Across the country, employers are working on their post-pandemic planning. In addition to setting up new ways of working and new health and safety protocols, many are also anticipating a sharp rise in their disability claims. With that in mind, how is disability management evolving to help get employees back to work quickly?
The claims crunch.
Mental health concerns have overtaken musculoskeletal issues as the top driver of disability claims. As Canadians continue to struggle with their mental wellness, this trend is likely to continue. In fact, more than half of Canadians say COVID-19 has had a negative impact on their mental wellness, with two-thirds saying isolation was the primary cause of their poor mental health. Making things worse, 24% are unable to access support or treatment. These, and other concerning mental health trends, are driving more disability claims.
On the physical wellness side, claims were down during the first year of the pandemic, largely due to less activity. But new claims drivers may emerge from poor ergonomics for home-based workers and pre-pandemic concerns that were left untreated or undertreated because of reduced access to physicians, physiotherapists, diagnostic resources and surgeries.
Delayed surgeries and other interventions will also have an impact on how quickly employees can return to work, with some estimates saying it may take well over a year to clear the surgery backlog across the country. This may mean further health declines for employees who are waiting for new joints, pacemakers or other treatments.
Another concern employers need to manage is the so-called Long COVID. This describes patients known as Long Haulers: plan members who continue to experience lingering respiratory, cognitive or other symptoms long after they are clear of infection. Some estimates suggest as many as one-quarter of COVID patients continue to experience at least one symptom beyond the three-month mark, meaning some employees may require complex, ongoing disability management.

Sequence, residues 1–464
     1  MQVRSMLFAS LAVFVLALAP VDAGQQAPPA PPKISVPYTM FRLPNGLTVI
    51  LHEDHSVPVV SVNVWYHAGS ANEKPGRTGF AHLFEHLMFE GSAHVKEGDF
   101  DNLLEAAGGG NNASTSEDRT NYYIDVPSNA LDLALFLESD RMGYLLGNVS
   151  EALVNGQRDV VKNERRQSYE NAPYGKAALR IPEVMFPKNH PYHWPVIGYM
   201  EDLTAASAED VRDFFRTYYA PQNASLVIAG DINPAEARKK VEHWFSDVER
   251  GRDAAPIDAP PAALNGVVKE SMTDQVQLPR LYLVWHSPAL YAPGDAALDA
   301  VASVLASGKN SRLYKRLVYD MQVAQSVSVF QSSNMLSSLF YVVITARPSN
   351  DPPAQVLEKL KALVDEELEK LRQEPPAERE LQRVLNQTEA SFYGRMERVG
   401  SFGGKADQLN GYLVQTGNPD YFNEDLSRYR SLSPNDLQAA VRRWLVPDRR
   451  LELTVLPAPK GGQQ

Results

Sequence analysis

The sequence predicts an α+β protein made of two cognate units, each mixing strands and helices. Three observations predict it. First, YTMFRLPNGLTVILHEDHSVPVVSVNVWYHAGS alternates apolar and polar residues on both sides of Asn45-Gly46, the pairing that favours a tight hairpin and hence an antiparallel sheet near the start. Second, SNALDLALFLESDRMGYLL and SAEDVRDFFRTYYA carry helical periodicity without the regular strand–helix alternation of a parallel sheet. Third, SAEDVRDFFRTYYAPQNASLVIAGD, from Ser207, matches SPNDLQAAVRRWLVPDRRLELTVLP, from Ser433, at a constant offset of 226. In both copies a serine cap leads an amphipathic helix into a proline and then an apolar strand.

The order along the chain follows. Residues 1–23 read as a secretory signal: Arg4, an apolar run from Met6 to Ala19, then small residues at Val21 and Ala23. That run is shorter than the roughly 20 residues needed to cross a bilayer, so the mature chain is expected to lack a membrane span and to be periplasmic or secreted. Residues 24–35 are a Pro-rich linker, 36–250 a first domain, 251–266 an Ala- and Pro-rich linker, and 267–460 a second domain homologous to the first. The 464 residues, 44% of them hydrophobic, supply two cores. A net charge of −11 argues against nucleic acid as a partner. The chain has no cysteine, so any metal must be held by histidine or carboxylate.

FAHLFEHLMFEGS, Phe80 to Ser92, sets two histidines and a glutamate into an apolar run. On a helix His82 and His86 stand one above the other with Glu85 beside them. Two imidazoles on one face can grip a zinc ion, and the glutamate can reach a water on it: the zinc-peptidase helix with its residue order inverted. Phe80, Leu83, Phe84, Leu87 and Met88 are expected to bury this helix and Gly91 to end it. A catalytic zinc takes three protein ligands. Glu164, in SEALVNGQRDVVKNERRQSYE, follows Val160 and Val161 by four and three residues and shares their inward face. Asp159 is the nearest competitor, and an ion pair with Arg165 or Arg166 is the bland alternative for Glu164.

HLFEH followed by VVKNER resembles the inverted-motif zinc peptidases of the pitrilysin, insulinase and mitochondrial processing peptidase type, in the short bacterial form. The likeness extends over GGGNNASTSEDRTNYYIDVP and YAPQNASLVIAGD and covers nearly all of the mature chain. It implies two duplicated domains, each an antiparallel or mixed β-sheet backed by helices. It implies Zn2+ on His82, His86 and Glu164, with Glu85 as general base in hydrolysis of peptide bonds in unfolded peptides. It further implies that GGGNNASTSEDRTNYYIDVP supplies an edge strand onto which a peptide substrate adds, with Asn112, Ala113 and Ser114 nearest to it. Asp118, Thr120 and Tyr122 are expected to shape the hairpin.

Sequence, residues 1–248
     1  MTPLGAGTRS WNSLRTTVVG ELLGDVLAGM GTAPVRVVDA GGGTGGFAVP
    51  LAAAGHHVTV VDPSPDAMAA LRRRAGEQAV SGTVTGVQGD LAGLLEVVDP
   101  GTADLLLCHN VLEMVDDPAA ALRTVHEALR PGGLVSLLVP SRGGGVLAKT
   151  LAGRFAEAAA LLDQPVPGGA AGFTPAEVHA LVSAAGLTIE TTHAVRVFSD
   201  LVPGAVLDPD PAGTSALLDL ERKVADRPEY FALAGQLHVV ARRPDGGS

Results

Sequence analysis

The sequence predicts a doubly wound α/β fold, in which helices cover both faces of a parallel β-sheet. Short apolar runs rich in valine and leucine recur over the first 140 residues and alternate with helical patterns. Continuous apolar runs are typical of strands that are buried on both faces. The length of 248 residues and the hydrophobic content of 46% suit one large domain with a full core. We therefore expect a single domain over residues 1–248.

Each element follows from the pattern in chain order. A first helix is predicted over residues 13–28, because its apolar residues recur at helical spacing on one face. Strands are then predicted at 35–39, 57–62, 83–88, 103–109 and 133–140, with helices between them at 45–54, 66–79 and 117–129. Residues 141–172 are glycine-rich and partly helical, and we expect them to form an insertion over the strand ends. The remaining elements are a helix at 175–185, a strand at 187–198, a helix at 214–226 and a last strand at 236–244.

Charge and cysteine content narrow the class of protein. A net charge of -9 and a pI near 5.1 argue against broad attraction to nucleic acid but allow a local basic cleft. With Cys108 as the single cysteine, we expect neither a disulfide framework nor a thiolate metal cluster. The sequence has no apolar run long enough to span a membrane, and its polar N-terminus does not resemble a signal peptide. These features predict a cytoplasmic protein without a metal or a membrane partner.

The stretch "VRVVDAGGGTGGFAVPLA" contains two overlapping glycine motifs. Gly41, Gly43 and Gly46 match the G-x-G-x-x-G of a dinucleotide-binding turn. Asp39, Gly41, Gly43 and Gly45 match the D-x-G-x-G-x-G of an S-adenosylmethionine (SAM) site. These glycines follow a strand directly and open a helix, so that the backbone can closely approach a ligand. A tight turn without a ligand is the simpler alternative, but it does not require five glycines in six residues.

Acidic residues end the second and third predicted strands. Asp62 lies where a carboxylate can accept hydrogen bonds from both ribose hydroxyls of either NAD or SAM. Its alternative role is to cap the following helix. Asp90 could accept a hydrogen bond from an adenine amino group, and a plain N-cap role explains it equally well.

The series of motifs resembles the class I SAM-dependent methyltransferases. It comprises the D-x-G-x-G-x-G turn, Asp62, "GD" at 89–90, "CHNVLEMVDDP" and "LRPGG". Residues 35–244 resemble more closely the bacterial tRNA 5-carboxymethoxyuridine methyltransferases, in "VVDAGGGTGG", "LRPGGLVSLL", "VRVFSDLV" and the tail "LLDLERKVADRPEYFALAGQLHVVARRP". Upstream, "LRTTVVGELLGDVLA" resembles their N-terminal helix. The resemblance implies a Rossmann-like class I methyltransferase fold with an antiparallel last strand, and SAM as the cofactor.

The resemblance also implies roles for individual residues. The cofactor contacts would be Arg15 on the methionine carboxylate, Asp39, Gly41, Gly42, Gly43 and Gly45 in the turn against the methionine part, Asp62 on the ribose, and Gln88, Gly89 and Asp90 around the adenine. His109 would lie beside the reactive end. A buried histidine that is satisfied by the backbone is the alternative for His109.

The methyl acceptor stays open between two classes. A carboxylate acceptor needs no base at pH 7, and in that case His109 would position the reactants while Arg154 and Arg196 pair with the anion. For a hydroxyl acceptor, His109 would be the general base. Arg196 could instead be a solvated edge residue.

That old adage that an ounce of prevention is worth a pound of cure is particularly appropriate when it comes to rethinking disability management. A good way to start is with an analysis of your coverage. Does your benefits offering address new kinds of disability claims, such as Long COVID? Do you have pre-emptive benefits that allow plan members to access the care they need when they need it? For example, virtual care may help connect members to specialized clinical services from the privacy and convenience of their homes. Some mental wellness resources also offer self-directed digital programs that can address PTSD, anxiety and other concerns.
Virtual pharmacy services are emerging as another tool group health benefits managers can offer plan members as a way to access care. For example, Telus Health Virtual Pharmacy offers online medication management and ordering, along with on-demand consultations with licensed pharmacists to discuss side effects, health lifestyles, and other concerns.
Modernize your EAP.
It’s no secret that most employee assistance programs (EAPs) are under-utilized. Now is the time to assess whether your EAP is helping to reduce disability risk by offering easy access to a range of integrated wellbeing supports.
Modern EAP approaches, such as LifeJourney, personalize the experience by assigning Care Advocates to each patient. These Advocates book appointments with physicians, therapists, lawyers, financial advisors and other professionals, and follow up to help ensure members are seeing results. Make sure your EAP is able to address a holistic view of wellbeing.
Technology supports return to work.
A good employee experience is key to ensuring plan members take advantage of proactive disability prevention services. For example, make sure all plan members can easily sign up and access information about their benefits when and where it’s convenient for them, and be sure to ask your plan administrator about tools, such as My health benefits, that can streamline claims submission for employees.
When employees must take a disability leave, case managers are key to helping them return to work as quickly as possible with the support and resources they need to help them stay healthy, which can be particularly challenging with mental health concerns. Our Disability Management Support Services (DMSS) give case managers the tools they need to tailor a personal program for employees. From arranging assessments quickly, to delivering quality virtual care and return-to-work support, DMSS can streamline case managers’ tasks so they can focus on helping your workforce get healthy and stay healthy. Ask your administrator or insurer about virtual support for case managers.
At TELUS Health, we continue to innovate digital solutions for patient care, efficient technologies and expert support to create a healthier future for all people in Canada.
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